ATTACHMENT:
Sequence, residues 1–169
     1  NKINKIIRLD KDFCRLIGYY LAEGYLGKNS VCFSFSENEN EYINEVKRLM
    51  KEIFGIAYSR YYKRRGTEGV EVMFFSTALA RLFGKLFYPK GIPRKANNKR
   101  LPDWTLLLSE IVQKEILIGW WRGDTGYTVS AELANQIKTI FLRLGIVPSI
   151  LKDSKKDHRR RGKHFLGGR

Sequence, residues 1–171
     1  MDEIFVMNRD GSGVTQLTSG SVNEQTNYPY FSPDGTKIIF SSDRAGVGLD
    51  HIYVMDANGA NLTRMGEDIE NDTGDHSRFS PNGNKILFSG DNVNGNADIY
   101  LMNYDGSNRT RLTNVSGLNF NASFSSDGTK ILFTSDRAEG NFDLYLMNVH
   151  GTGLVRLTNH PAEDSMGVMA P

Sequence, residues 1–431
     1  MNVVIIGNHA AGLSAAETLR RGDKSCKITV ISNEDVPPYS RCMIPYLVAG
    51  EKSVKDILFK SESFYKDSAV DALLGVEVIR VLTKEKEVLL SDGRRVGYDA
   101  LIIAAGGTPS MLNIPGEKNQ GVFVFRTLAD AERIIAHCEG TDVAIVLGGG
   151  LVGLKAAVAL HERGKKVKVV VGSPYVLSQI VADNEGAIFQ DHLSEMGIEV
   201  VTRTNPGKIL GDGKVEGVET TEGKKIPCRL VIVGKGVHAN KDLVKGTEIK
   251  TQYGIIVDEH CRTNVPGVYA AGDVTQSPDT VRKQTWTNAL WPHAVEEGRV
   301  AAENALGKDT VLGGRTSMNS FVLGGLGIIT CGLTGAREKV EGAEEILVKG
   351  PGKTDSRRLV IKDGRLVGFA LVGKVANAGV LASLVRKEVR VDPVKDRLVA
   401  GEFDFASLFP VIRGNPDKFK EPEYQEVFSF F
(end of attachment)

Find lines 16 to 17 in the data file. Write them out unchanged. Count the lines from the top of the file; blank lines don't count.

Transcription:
   201  VTRTNPGKIL GDGKVEGVET TEGKKIPCRL VIVGKGVHAN KDLVKGTEIK
   251  TQYGIIVDEH CRTNVPGVYA AGDVTQSPDT VRKQTWTNAL WPHAVEEGRV